Ultimate Guide To Certified Information Systems Auditor (CISA)

The CISA certification is one of the top IT certifications offered today, administered by ISACA. This is the Certified Information Systems Auditor credential, established in 1969. It fills a gap in the IT industry for a key guidance and information source in the domain of e-data processing audits. The Information Systems Audit and Control Association, known as ISACA, is made up of 145,000 members across 180 countries. ISACA connects a global community of 460,000 IT professionals working in data and cybersecurity domains. ISACA provides several certifications for IT professionals to choose from, such as the CRISC, CISM, CDPSE, CSX-P and, of course, the CISA. 

This article gives you all the information you need to know about the CISA credential. CISA is a professional certification and has several benefits, prerequisites and costs associated with it. If you are looking for any of this information, keep reading to understand all you need to know. That way, you will be in a position to make an informed decision and understand if this certification is the right move for your career.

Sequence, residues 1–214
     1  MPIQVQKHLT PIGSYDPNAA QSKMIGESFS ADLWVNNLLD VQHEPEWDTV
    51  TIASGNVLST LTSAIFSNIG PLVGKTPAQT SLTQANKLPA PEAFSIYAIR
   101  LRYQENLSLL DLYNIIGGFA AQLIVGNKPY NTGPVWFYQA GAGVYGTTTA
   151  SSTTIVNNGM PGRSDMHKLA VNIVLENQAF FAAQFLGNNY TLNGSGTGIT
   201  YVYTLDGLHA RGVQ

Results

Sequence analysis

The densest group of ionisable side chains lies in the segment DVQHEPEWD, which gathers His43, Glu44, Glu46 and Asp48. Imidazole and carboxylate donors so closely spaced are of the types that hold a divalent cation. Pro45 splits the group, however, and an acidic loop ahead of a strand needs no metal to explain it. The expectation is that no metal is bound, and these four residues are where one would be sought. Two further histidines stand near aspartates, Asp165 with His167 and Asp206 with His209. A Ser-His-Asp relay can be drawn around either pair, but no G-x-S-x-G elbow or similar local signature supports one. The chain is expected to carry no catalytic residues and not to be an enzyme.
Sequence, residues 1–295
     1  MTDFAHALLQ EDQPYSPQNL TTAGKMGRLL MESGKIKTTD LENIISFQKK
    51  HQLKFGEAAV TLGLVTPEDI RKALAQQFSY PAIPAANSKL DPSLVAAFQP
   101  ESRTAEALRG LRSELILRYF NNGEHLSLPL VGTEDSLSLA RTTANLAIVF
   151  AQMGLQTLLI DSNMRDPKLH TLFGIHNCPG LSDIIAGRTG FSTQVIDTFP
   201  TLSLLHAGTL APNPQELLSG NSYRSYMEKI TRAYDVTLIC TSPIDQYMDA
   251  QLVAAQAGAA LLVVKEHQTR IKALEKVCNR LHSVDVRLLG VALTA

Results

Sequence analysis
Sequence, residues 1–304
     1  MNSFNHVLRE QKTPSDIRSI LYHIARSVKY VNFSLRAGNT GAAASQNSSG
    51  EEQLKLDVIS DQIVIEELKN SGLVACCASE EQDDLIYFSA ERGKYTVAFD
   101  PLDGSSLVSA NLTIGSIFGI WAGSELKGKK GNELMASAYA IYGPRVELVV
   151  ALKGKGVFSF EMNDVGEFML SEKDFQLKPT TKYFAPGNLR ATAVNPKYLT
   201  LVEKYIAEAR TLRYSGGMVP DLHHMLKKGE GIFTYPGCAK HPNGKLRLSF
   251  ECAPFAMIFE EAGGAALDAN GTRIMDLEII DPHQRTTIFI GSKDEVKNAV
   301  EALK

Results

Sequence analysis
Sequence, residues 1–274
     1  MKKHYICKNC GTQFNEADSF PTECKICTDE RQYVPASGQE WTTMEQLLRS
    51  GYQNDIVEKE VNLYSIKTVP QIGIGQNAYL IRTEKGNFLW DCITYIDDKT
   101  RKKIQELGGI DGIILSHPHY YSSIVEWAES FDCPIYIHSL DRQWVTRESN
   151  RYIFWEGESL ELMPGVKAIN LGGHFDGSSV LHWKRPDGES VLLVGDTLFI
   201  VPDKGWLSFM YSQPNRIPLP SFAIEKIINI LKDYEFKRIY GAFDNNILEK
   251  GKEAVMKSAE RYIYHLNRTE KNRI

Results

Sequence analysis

According to ISACA, more than 151,000 IT professionals hold the CISA credential, in compliance with the ISO/IEC 17024:2012 requirement for anybody that operates individual certifications. It is a globally recognised credential in the community of information systems that validate a certified professional’s capabilities and knowledge.

Responsibilities of a Certified Information Systems Auditor Professional:

A CISA certified professional’s key responsibilities are:

  • To implement an IS (information systems) audit strategy that relies on risk management.

  • To plan audits that can determine if IT assets are managed, valuable and protected or not.

  • To execute an audit that complies with the objectives and standards set by the organisation.

  • To share the results of the audit and provide recommendations to the organisation’s management depending on the audit results.

  • To re-examine audits and ensure recommended actions have been executed by the management teams.

The responsibilities of a CISA professional go beyond mere auditing. You will be expected to collaborate with management to validate implementation plans, confirm organisational processes and deploy system operations and promote enterprise strategies and objectives. You will need to evaluate:

  • Resource management and IT portfolio

  • Risk management practices

  • Disaster recovery and business continuity strategies

  • IT control framework valuation

  • IT-business alignment strategies

  • IT standards, policies, procedures and processes in the organisation

  • Controls and management of IT organisational structure and controls and IT personnel

After the implementation of these systems, a CISA professional is also responsible for monitoring multiple areas that ensure these system deployments have been successful. This includes carrying out post-implementation and project reviews. Other areas of evaluation are:

  • The information system controls

  • The proposed system’s business case

  • The information system’s preparedness